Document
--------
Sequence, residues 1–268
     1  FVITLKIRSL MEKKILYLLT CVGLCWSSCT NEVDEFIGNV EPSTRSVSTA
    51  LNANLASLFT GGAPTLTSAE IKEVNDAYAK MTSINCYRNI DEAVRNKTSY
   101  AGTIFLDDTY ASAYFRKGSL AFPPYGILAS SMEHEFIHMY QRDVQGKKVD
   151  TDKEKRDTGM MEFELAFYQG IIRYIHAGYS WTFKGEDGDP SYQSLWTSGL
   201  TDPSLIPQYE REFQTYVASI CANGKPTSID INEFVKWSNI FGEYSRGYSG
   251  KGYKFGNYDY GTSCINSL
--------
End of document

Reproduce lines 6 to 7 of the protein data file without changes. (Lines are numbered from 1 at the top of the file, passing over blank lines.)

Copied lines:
   201  TDPSLIPQYE REFQTYVASI CANGKPTSID INEFVKWSNI FGEYSRGYSG
   251  KGYKFGNYDY GTSCINSL